The Chronicle of Higher Education determined recently that Yale has proportionately more administrators than all but four of 1,600 American colleges and universities. From 1995, when I was a Yale student, to 2017, managerial staff increased by 77 percent while the number of students has stayed roughly the same. All the while, faculty salaries are falling behind those at other Ivies.
Yale has a big transparency problem, too. The minutes of Yale Corporation meetings are embargoed for 50 years. No one can see even a summary of votes. Why the secrecy? It’s bad trusteeship. For all we know, the board is dressing up as elves and chanting to Shinigami when it’s supposed to be supervising the hired help and asking hard questions.
At the end of 2019, Yale’s endowment was $30 billion, the country’s biggest after Harvard’s. Almost all of this comes from alumni philanthropy over four centuries, yet alumni are deliberately kept in the dark about how big decisions at Yale get made. Most alumni, like me, are aghast at some of the on-campus drama. With $30 billion, Yale’s administration is reaching the point where it needn’t give a hoot about alumni opinion.
If we need yet another sign of Yale’s bad governance, it’s in the university’s election rules. Cuba, Iran, and Venezuela could learn something from the Alumni Office’s voter-suppression tricks, barriers-to-the-ballot, and still more secrecy. Days before voting starts, no one even knows who Yale’s official candidate is. It’s a secret.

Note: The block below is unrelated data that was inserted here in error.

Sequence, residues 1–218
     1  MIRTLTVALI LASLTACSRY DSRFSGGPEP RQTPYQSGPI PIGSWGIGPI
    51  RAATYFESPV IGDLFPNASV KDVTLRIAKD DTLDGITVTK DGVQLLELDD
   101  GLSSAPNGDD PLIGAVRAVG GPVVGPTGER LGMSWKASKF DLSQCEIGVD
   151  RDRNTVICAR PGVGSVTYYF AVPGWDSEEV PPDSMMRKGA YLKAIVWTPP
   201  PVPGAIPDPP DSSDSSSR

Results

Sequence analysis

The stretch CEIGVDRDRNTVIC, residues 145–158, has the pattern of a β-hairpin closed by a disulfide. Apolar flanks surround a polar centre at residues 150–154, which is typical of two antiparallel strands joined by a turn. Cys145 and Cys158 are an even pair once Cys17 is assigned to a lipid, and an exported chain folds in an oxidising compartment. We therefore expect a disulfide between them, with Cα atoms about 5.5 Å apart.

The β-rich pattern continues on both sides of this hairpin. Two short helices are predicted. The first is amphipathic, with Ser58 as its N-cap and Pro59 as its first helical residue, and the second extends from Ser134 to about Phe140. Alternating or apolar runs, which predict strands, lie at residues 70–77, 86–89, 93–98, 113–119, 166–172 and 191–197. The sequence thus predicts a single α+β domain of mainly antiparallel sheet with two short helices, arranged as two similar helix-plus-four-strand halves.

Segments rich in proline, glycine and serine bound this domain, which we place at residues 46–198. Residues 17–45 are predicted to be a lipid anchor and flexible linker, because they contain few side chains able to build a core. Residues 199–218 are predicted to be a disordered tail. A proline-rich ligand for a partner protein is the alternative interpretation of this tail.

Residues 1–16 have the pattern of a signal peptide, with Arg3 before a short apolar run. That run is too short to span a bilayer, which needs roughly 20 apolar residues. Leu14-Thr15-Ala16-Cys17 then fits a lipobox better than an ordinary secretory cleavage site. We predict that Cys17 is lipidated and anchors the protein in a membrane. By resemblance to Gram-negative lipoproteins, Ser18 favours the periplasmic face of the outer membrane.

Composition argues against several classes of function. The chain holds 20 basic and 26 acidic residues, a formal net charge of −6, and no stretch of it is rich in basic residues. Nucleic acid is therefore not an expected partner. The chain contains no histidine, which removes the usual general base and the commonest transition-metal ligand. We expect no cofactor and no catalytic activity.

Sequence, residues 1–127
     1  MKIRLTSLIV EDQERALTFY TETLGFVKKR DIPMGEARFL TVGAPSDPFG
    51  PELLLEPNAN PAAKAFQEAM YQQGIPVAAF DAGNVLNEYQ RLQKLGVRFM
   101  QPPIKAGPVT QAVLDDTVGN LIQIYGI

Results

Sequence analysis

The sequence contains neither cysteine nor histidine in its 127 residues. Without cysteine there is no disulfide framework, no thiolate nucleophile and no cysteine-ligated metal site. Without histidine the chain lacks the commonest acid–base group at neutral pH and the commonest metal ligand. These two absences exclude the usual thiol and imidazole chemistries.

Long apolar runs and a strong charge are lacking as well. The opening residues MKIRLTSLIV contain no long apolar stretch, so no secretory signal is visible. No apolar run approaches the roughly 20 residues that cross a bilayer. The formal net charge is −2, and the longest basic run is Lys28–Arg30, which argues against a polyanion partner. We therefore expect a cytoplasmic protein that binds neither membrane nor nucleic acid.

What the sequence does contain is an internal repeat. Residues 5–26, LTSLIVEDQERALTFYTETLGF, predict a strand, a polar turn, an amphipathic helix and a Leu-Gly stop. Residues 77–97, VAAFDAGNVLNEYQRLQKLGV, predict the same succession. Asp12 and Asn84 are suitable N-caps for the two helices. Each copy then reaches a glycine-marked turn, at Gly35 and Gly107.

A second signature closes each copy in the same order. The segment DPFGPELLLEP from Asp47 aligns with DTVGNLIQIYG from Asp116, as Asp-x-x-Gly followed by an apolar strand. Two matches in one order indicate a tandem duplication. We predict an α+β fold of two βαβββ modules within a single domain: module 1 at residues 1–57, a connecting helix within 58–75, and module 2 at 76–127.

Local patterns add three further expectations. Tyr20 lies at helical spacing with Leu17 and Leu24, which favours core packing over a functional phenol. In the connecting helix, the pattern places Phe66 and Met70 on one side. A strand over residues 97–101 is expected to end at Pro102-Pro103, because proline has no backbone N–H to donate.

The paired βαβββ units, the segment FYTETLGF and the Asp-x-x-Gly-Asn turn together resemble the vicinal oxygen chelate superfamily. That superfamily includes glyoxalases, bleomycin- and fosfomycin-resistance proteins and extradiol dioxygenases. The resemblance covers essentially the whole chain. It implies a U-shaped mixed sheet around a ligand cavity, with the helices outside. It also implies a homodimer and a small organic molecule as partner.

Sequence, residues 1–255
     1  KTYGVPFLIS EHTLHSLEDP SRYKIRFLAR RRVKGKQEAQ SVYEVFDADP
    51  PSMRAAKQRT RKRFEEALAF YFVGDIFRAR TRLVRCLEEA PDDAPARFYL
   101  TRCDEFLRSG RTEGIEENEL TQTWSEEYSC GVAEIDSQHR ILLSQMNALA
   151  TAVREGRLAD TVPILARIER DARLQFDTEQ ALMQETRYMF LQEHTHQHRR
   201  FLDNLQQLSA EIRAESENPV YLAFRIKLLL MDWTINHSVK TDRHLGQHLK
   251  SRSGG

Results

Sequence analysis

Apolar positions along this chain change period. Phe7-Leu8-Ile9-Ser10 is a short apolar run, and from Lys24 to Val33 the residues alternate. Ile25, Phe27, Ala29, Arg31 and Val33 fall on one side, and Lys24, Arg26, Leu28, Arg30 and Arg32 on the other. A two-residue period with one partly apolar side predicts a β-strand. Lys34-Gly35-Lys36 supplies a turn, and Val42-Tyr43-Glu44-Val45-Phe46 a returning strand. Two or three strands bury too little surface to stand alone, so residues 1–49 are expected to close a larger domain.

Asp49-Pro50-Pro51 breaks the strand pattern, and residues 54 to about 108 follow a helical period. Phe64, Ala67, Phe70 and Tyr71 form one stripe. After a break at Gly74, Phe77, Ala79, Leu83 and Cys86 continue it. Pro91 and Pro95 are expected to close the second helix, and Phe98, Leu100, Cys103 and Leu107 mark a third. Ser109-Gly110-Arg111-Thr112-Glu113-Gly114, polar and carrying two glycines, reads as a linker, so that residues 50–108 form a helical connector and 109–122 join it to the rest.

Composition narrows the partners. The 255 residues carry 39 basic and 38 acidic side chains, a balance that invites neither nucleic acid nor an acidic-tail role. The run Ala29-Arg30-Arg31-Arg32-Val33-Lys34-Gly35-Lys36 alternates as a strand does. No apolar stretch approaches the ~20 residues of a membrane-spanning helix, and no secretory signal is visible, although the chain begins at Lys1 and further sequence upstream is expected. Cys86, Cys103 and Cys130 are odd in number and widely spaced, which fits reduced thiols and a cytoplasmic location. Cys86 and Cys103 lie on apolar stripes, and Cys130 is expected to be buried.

Ashe needed to get more than 4,300 signatures to get on the ballot. Yale won’t disclose how many votes trustee candidates actually get. Turnout has hovered at a bit above 10 percent of Yale’s 87,000 alumni. In previous elections, no one knows how many voted “none of the above.”
Casey Murrow is the son of Edward R. Murrow and Yale ’68. “Looking at the world today,” he said of Yale’s system for picking trustees, “it would be hard to imagine a system designed to make it impossible for a determined candidate to win . . . yet Yale has achieved this curious goal.” Well said.
Yale needs new voices on top. Left-wingers need a comeuppance. Common sense needs a comeback. Debate and contrarian thinking need free rein, not the heavy boot. I admire Ashe for acting on principle and speaking truth to power. Shakespeare, on Yale’s Watch List for un-PC words, wrote, “Valour is the chiefest virtue, and most dignifies the haver.” Ashe has good ideas, and he has cojones. I hope that Yalies vote in droves and vote for change.